There are an incredible number of resources for writers. Googling alone will show that. Regardless, there are a few concerns I’ve seen popping up over and over again:
The Book Genre
Book or Manuscript?
Some of my favorite resources to start with:
-Jeff Herman’s Guide to Book Editors, Publishers, and Literary Agents
-The Elements of Style by Strunk and White
In terms of the synopsis, it should never be over two pages long, single spaced. The biggest reason agents request this is to see where the plot is going. It’s not considered a sample of your writing; it’s considered a sample of your plotting ability. Can you describe your plot in two pages? Will the book hold together? In other words, don’t stress so much about how it’s written; worry about whether or not it shows the true nature of your book (and includes the ending!). When I turn to a synopsis, it means that I liked the sample of writing (my personal preference is to see if the book hooks me first, and then turn to the synopsis), and I want to make sure the plot isn’t going to suddenly go from chick lit to time-traveling alternate-history paranormal suspense; I want to see what I’d be getting into if I requested more. That’s it.
And regardless of what an author may think, I’m not going to throw away a submission if it’s been called a paranormal suspense and it’s really a romantic paranormal suspense. My job, as an agent, is to know which editor to send this to; an author’s job is to know which agent to send it to. If you can get the basic elements of your novel into a sentence (i.e., it’s an historical novel with supernatural mystery elements), that’s all you should need to find an agent to submit to (look for someone who works with supernatural, or mystery, and, if historical, if they have anything remotely similar to what your book is about on their list). And in fact, many agents blend genres; they don’t have to pigeon-hole themselves in quite the same way that editors do.
There are many sites that give a basic breakdown of genre; here are some of the more confusing ones:
-Commercial – it’s written to appeal to as broad an audience as possible
-Literary – Character-driven. The plot is secondary to the development of the characters; it is more about how it is written, the art of writing, than plot
-Mainstream – genre or literary fiction that sells well. (Like Stephen King – he’s technically genre, but sells to readers outside of that genre as well; his books have the ability to attract readers who wouldn’t normally read horror)
-Genre Fiction – more emphasis on plot than on fine writing and character development, appeals to fans of the genre but not to a wider audience (romance, thriller, etc)
-Upmarket – a combination of commercial and literary; can appeal to both audiences
-Mass-Market – the smallest paperback, what genre fiction is usually published in (romances, mysteries, thrillers)
-Trade Paper – the 15.00 paperback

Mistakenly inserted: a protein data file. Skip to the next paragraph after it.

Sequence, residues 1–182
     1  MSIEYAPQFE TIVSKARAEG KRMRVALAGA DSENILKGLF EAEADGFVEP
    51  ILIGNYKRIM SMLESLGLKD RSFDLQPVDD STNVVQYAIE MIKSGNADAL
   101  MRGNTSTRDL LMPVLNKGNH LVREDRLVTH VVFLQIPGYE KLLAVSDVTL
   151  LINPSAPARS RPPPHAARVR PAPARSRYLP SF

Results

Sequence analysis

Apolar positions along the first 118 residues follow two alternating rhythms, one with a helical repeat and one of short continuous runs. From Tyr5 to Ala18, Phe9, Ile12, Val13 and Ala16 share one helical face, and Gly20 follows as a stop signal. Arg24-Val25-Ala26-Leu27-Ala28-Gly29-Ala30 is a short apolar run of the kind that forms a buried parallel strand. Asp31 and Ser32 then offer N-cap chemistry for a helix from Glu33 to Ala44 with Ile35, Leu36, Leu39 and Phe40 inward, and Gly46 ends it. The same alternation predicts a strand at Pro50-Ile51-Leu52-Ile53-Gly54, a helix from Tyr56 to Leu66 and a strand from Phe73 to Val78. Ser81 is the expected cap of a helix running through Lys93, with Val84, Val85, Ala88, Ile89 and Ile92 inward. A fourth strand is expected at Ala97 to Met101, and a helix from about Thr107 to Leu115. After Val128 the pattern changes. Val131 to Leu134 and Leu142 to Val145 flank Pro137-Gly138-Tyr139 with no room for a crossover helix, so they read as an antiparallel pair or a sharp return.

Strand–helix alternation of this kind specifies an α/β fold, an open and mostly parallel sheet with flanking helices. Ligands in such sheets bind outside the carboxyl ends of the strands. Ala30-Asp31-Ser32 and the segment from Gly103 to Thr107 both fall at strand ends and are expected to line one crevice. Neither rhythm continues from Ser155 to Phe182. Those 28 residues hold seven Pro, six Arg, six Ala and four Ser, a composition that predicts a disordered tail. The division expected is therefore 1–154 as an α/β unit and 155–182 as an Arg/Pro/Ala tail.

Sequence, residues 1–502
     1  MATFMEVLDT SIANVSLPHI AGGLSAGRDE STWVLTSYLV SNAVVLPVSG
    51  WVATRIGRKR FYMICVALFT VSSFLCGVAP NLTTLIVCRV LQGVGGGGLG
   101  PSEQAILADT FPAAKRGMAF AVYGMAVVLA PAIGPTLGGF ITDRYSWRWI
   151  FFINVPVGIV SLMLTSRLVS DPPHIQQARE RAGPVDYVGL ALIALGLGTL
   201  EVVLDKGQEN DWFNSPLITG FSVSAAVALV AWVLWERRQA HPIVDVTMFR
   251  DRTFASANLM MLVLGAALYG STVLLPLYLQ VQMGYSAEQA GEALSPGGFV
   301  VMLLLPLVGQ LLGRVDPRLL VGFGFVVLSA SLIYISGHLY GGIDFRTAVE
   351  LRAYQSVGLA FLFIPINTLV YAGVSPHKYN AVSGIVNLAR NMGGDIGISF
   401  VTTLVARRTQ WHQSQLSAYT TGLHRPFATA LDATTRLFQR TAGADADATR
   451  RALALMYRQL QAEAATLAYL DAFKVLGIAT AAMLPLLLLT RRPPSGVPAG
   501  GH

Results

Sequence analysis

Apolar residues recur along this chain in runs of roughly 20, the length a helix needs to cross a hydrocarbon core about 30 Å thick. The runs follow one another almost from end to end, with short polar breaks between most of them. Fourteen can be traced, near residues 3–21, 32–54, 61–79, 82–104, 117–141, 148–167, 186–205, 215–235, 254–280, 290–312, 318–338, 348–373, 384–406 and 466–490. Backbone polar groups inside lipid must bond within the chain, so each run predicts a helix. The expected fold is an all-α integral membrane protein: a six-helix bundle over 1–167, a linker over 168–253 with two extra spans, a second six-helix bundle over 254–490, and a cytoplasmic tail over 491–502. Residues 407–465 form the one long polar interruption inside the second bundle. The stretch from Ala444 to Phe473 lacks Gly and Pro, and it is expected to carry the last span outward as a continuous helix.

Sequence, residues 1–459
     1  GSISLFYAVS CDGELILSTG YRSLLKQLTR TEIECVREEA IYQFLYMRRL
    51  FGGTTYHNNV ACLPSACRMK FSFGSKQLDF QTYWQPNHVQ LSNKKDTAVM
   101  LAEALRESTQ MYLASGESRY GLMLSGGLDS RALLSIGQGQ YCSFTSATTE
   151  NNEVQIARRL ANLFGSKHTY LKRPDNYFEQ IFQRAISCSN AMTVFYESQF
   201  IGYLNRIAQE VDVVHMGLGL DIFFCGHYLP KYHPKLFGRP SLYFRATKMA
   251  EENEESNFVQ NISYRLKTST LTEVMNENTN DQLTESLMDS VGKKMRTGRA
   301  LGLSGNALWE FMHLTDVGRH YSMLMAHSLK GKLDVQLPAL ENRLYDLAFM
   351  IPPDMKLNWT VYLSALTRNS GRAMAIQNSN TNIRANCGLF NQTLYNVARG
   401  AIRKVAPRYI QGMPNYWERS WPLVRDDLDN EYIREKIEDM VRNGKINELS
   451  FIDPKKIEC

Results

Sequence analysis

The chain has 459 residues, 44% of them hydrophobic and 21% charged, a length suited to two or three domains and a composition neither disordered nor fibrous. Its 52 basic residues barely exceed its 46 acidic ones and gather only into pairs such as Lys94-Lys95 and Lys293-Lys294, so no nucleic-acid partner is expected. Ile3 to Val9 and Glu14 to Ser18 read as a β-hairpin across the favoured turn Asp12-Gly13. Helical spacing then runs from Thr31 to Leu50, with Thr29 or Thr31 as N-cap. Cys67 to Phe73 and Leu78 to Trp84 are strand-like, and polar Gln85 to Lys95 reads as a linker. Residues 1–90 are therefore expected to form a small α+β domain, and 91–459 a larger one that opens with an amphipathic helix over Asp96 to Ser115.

And of course, if all else fails, you can always search on Amazon for a book you think is similar to yours, and see how they classify it.
Even if you do get your manuscript into the hands of the perfect agent, it’s not a guarantee of representation. Agents have to have passion and enthusiasm for a project in order to sell it. Rejection IS NOT PERSONAL; it’s business. I’ve rejected many manuscripts I thought were wonderful, but just didn’t “click” with me. It’s so incredibly subjective; the best advice is to take what you can from a rejection, and move on. Always think of the WHY, not the WHAT. Meaning, don’t focus on the rejection; focus on WHY it was rejected. Did you query the wrong agent? Do you need to work more on characterization? There’s always a reason someone reacts the way they do; try and focus on that reason instead of the reaction. It’ll help to gain constructive feedback from even the word “no.”
In the end, it may just be that self-publishing is a route for you. Here’s how you know: if your book is so regional or so niche that it won’t appeal to a wider audience. Or: you’ve written a non-fiction book and will use the self-published version to build a platform of 1,000 books a month for 12 months, proving there’s an audience for your book.
For fiction, self-publishing is usually not the best option; in most cases, it will serve as a handicap. Because even if you sell 5,000 copies of that fiction novel out of the back of your car…those are dismal numbers to any book buyer. Once you self-pub, you get an ISBN; publishers and book buyers WILL use that ISBN to look up sales numbers. And since self-published books are never sold in chains, where most of the numbers come from (BookScan)…it’s going to look even more dismal. Publishers will pay money for a book equal to the amount of copies they can expect book sellers to buy. If book sellers are seeing no demand for a book…they won’t buy. Period. But if you just want a few copies to share with loved ones, by all means, self-pub away.
A book is a book is a book. Yes, technically, it’s still a manuscript until it’s published; but in my opinion, if you write a book, it’s a book; a publishing contract only means someone wants to pay money to promote it widely, because they think they’ll make money on it. So don’t try and sell yourself short; even Webster’s says: “a written OR printed work of fiction or nonfiction.”